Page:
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Coming 'round at last

Published Oct. 1, 2005

After snipping the final nylon strands, Minnesota coach Clem Haskins jubilantly twirled the basketball net over his head.

The circle was complete.

Symbolically and actually.

A little more than a year after being snubbed for the NCAA Tournament, his Golden Gophers rallied to beat UCLA 80-72 in Saturday's Midwest Regional championship game at the Alamodome to advance to the Final Four for the first time in the program's 101 years.

"I was on a high," Haskins said. "I was on top of the world. But we have not accomplished our goals yet. We're 80 minutes away from that."

UCLA first-year coach Steve Lavin, teary-eyed, then crying during his post-game news conference, praised the Gophers and his team for possessing the hearts of champions.

"We've learned a lot more than just going to the final eight and lot more than just making jump shots," said Lavin, who replaced Jim Harrick two weeks before the season opener.

"With what we've overcome in terms of adversity and hurdles it's a long way from the 48-point massacre at Stanford. It's a long way from being 3-3 and out of the Top 25 and basically an NIT bubble team."

In fact, it was the Bruins (24-8) who looked as if they were 80 minutes from a title and not the top-seeded Gophers, the champions of the Big Ten.

Although Minnesota started point guard Eric Harris, who injured his right shoulder in the double-overtime win over Clemson on Thursday, he was ineffective in the first half.

But the No. 2-seeded Bruins were forced to do without a key starter themselves for much of the half _ center Jelani McCoy, who aggravated a bruised chest. But they led 33-28 at the half and pulled ahead by as many as 10 points early in the second half.

Even without McCoy, UCLA led 48-39 on a driving one-hander by forward Charles O'Bannon with 13:42 left.

But then the Golden Gophers, as they have done all season with the exception of Thursday, turned to their entire roster for help.

"This is the way we play basketball. This is the real Minnesota basketball team," said Haskins, whose Golden Gophers were carried over Clemson by a combined 67 points from guard Bobby Jackson and forward Sam Jacobson.

Enter forward Quincy Lewis for Jacobson against UCLA.

"My role on this team is to come in and be aggressive on the offensive end and the defensive end," Lewis said. "We came out and weren't aggressive, so the second unit came out and gave an emotional lift to the team."

Lewis scored on a finger roll, hit a pair of free throws when he was fouled on a drive by forward Kris Johnson, hit another layup and a follow-up dunk in a dazzling 10-2 run that brought Minnesota to within 50-49 and the throng of Minnesota fans among the 31,930 to its feet.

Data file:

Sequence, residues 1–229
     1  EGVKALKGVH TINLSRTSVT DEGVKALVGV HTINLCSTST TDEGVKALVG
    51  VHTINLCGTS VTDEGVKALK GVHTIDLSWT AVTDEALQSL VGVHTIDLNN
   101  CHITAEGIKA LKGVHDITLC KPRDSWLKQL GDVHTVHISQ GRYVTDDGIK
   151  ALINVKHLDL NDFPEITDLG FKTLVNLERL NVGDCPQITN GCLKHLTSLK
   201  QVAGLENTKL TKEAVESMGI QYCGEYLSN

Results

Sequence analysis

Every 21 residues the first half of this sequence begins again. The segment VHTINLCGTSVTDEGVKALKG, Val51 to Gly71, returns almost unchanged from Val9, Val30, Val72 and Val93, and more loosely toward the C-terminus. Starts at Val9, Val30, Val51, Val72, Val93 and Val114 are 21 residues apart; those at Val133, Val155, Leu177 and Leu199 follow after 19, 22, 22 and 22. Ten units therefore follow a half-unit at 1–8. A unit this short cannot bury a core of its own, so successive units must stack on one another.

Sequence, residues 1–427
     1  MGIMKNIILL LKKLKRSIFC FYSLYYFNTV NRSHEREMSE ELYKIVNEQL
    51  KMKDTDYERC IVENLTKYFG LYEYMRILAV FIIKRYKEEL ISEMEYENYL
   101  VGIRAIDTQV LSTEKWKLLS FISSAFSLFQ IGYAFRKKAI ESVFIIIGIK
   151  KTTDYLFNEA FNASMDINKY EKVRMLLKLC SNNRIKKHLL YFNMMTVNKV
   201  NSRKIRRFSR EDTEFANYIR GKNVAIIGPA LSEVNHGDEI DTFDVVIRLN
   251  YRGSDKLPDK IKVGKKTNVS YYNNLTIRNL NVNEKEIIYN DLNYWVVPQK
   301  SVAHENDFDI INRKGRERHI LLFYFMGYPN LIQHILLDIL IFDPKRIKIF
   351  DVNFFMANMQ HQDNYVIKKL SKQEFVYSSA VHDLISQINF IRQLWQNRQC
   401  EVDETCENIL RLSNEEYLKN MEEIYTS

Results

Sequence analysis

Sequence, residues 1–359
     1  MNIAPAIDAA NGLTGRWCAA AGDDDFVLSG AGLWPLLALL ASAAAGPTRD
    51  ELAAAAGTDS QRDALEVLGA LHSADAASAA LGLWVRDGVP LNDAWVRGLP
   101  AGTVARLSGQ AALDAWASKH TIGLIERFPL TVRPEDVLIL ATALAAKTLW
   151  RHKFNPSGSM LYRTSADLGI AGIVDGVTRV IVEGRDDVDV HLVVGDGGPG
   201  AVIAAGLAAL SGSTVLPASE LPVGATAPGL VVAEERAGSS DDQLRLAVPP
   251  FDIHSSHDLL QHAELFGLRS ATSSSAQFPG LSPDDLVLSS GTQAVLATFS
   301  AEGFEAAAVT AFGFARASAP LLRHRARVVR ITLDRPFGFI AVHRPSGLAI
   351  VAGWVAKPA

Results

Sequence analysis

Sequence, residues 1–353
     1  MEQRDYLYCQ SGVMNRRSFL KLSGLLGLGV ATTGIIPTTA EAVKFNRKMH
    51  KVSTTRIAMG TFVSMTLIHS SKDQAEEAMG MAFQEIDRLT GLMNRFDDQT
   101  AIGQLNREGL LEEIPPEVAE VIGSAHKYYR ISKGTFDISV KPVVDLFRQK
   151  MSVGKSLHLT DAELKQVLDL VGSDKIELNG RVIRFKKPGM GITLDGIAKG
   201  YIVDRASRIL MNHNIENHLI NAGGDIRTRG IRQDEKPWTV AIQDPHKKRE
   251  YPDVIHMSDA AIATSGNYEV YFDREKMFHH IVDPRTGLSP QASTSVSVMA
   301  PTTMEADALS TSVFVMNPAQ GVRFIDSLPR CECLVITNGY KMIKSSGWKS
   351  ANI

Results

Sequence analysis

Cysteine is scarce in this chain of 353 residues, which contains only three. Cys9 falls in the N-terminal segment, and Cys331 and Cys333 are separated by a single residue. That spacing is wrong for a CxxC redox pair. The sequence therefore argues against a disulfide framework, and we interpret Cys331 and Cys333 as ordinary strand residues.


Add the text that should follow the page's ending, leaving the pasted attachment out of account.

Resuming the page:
It also brought McCoy to his. He asked Lavin to let him try to play and perhaps stop all of the shots.

"But I couldn't do much," McCoy said. "I couldn't breathe. I was in a lot of pain."

Lewis drew another foul, and the man who missed two crucial free throws that allowed Clemson to force overtime, swished two to give the Gophers a 51-50 lead with 9:38 left.

The Bruins, who don't have much depth and looked fatigued, hung tough and tied the score at 57 on guard Toby Bailey's tap-in with 5:11 left. But the Gophers continued a merciless attack inside.

They would outscore UCLA 51-36 in the paint.

"They took advantage of 'Lani being out and us being even thinner then we already were, and really pounded the ball inside on us," point guard Cameron Dollar said.

"I knew exactly what they were going to try to do. It's written all over the chalkboard," Lavin said. "But when you don't have your 6-10 center in the game, it makes it hard."

Forward Courtney James hit a free throw after grabbing an offensive rebound, Jacobson followed his own miss with a tap-in, then he hit a short jumper as Minnesota began to pull away.

Jackson, named the regional MVP, focused more on distributing the ball and hounding Dollar into six turnovers and poor shooting on this day. But after two Bailey free throws, he scored on a driving layup, and Charles Thomas followed with a fastbreak layup for a 66-59 lead with 2:35 left.

"We wore them down tonight," Jackson said. "Our skills and our determination paid off. (Dollar is) a great player, but he tried to do to much. We just keyed off the mistakes they made."

Although UCLA closed within 66-64 with 1:57 to go, Jackson, Lewis and Charles Thomas sealed the win by combining for 10 of 12 shooting from the line and a fastbreak layup. In all, five Gophers broke double figures, led by Jackson's 18 points.

"I think they got caught up in trying to stop me and Sam, and didn't pay attention to these two guys to my left," Jackson said of Lewis and Charles Thomas.

"It's a dream come true. Whoever thought Minnesota would be in the Final Four?"